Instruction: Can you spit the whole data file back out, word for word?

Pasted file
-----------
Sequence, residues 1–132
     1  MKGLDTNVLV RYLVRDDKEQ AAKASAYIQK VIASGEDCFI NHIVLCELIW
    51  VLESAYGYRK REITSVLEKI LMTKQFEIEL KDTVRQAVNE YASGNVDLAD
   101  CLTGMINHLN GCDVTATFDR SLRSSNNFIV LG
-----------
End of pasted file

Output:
Sequence, residues 1–132
     1  MKGLDTNVLV RYLVRDDKEQ AAKASAYIQK VIASGEDCFI NHIVLCELIW
    51  VLESAYGYRK REITSVLEKI LMTKQFEIEL KDTVRQAVNE YASGNVDLAD
   101  CLTGMINHLN GCDVTATFDR SLRSSNNFIV LG